Appeal from the United States District Court for the Northern District of Indiana, Hammond Division, No. HCR-83-36-33, Michael Kanne, Judge.
Before CUMMINGS, Chief Judge, and BAUER and POSNER, Circuit Judges.
Emerson Molt has asked us to reconsider our refusal to grant him bail under Fed. R. App. P. 9(b) pending his appeal to this court from his conviction and eight-year prison sentence for drug crimes (the district court having refused to grant him bail pending appeal). Although we adhere to our decision, we have thought it best to publish our reasons for doing so because the main issue he raises -- the constitutionality of applying the standard for bail in the recently enacted federal criminal code to persons convicted of crimes committed before October 12, 1984, when the new standard took effect (United States v. Angiulo, 755 F.2d 969 (1st Cir. 1985); see United States v. Gavrilovic, 551 F.2d 1099, 1103 (8th Cir. 1977)) -- is bound to recur.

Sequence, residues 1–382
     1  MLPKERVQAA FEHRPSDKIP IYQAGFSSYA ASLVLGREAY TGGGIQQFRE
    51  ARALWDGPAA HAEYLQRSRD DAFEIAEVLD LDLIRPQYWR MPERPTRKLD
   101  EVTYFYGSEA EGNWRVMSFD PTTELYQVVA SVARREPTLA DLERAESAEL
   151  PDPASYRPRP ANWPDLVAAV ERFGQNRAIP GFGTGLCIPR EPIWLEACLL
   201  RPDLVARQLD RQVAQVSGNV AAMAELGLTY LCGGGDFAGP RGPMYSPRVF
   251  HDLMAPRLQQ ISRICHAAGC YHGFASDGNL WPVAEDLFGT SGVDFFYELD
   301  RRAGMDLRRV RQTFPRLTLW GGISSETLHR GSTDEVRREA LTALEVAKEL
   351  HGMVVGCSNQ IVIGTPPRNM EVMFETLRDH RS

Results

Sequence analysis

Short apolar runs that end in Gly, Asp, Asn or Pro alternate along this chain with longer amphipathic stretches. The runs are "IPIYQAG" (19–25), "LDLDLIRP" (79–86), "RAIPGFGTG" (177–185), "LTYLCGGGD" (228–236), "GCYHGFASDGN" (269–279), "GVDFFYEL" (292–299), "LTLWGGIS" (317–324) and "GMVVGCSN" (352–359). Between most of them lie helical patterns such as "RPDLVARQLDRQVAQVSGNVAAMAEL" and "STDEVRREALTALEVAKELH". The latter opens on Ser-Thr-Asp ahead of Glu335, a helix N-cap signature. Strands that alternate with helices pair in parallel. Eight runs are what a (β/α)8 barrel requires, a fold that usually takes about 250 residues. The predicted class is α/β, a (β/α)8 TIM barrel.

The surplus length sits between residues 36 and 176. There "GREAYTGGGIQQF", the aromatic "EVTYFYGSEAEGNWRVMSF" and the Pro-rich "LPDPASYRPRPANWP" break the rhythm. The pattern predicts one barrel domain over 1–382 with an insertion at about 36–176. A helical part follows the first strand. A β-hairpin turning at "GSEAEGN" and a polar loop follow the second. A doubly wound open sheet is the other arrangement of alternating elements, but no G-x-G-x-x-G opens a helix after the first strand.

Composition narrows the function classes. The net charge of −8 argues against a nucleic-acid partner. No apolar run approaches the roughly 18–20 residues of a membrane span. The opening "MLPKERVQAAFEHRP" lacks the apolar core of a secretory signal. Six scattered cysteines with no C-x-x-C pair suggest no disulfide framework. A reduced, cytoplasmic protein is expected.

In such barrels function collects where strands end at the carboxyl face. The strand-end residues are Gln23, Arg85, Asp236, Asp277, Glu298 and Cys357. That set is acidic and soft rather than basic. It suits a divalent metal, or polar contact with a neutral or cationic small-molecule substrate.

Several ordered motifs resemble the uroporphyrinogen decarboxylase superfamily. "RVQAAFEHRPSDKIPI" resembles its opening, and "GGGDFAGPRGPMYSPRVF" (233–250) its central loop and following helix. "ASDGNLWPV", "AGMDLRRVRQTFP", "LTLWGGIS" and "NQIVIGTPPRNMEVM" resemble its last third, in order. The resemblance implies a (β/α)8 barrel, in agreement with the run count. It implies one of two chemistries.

Until October 12, the rule was that bail pending appeal could be denied (in the absence of any danger of flight or to public safety) only "if it appears that an appeal is frivolous or taken for delay." 18 U.S.C. § 3148 (repealed). Under the new code, bail can be granted only if the court finds "that the appeal is not for purpose of delay and raises a substantial question of law or fact likely to result in reversal or an order for a new trial." Bail Reform Act of 1984, § 203, 98 Stat. 1981-82, to be codified at 18 U.S.C. § 3143(b)(2). This is a more stringent standard, since an appeal could be at once frivolous yet insubstantial in the sense of quite unlikely to succeed; and the parties are agreed that Molt's appeal is not frivolous, so that if the old standard rather than the new were applicable he clearly would be entitled to bail.